Part I, "Obscurity and Dependence," follows the standard pattern of trying to understand how Wellington rose to greatness without relying unduly on after-the-fact memoirs that hint at future distinction. Muir shows him developing his skills while attached to the military establishment in Dublin as a young man overshadowed by an up-and-coming older brother. Only in his discussion of Wellington's part in the disastrous British campaign in the Low Countries (1794–95) do we begin to glimpse the personal qualities that led to his later successes:

He learnt many lessons from the campaign: that a Commander-in-Chief should not be too distant from his troops, but should see everything for himself, and … be seen by the ordinary soldiers … and officers who made up the army; that the commissariat and the medical department needed close attention if they were to perform well, and that they were essential to the efficiency of the army; and that good relations with the local civilian population were vital, and could only be maintained by strict discipline and by ensuring that the troops did not need to plunder in order to eat. Above all, he learnt that war was a serious business which should be undertaken in a thoroughly professional spirit or not at all. Having discovered what defeat was like, he gained a fierce determination to avoid it in future. (37)

Thus Muir highlights Wellington as the archetype of a new kind of British officer—a dispassionate, hardworking, consummate professional earning his way on his own merits as much as (or more than) through his family connections. This Wellington will be familiar to those who have read John Keegan's famous portrayal of him at Waterloo.[6] But Muir's Wellington is a skilled politician as well as a master of military operations.

Part II, "India and Independence," concerns much more than Wellington's "sepoy" victories at Seringapatam (where he was not even in command) in 1799 and Assaye in 1803. The lessons learned in India served him well for the rest of his life. More than most other Wellington biographers, Muir captures the ambiguities of commanding a hodgepodge of British regulars and sepoy troops and native irregulars, while managing a coalition of sometimes feckless native allies. In this difficult environment, Wellington first gained a facility for operating in both the political and military worlds independently. In a cogent operational history, Muir demonstrates that Wellington's experience in India was the perfect apprenticeship for his later complex operations in Spain and Portugal.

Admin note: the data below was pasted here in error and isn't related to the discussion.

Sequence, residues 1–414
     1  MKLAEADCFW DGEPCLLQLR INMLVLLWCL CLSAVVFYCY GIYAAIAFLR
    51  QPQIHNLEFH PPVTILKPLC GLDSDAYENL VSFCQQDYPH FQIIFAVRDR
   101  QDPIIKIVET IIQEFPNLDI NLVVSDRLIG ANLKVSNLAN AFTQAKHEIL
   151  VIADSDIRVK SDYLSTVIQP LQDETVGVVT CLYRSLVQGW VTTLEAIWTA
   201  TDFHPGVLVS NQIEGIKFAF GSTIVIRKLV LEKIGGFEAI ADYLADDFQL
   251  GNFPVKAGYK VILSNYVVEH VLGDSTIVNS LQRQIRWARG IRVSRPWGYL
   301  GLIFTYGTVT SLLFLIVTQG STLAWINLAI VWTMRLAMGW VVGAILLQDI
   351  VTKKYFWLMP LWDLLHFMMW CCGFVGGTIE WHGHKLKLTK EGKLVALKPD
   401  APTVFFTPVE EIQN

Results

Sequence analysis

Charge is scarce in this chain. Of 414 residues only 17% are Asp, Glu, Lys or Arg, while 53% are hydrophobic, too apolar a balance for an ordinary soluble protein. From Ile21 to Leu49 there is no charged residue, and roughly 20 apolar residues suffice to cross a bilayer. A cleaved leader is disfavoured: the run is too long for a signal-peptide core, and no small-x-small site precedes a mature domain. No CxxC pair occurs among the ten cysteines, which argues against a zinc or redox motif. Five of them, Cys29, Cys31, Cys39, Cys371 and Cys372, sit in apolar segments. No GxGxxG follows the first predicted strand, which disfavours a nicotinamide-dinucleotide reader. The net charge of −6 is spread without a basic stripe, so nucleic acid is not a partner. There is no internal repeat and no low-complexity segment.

Part III, "War, Politics, Fame and Controversy," provides an invaluable treatment of the psychological aspects of one of the greatest crises of Wellington's life. The book's prologue opens with his bitter reception in Britain after his return from Portugal in August 1808, when he was booed and hissed, despite his great victory at Vimeiro against the French army of Gen. Jean-Andoche Junot. The reader now gets the rest of the story. After his stunning defeat of Junot, Wellington had been superseded in turn by two senior British officers (Gen. Sir Harry Burrard, then Gen. Sir Hew Dalrymple) who made him sign the infamous Convention of Cintra granting Junot and his army safe passage back to France. This act nearly wrecked his career, despite Vimeiro. Fortunately, Wellington had friends in very high places in the British government, and his stolid and reasonable defense of his actions eventually won over most of those howling for his head, while events in Spain and Portugal went from bad to worse in his absence. Wellington now realized that things could go from good to bad in a heartbeat of the fickle British public and that he might not get any more second chances after the Cintra scandal. This helps explain why he was so driven to succeed, whether that seemed to him to require reckless aggressiveness (at Oporto in 1809 and Badajoz in 1812) or maddening caution (behind the lines of Torres Vedra in 1810–11).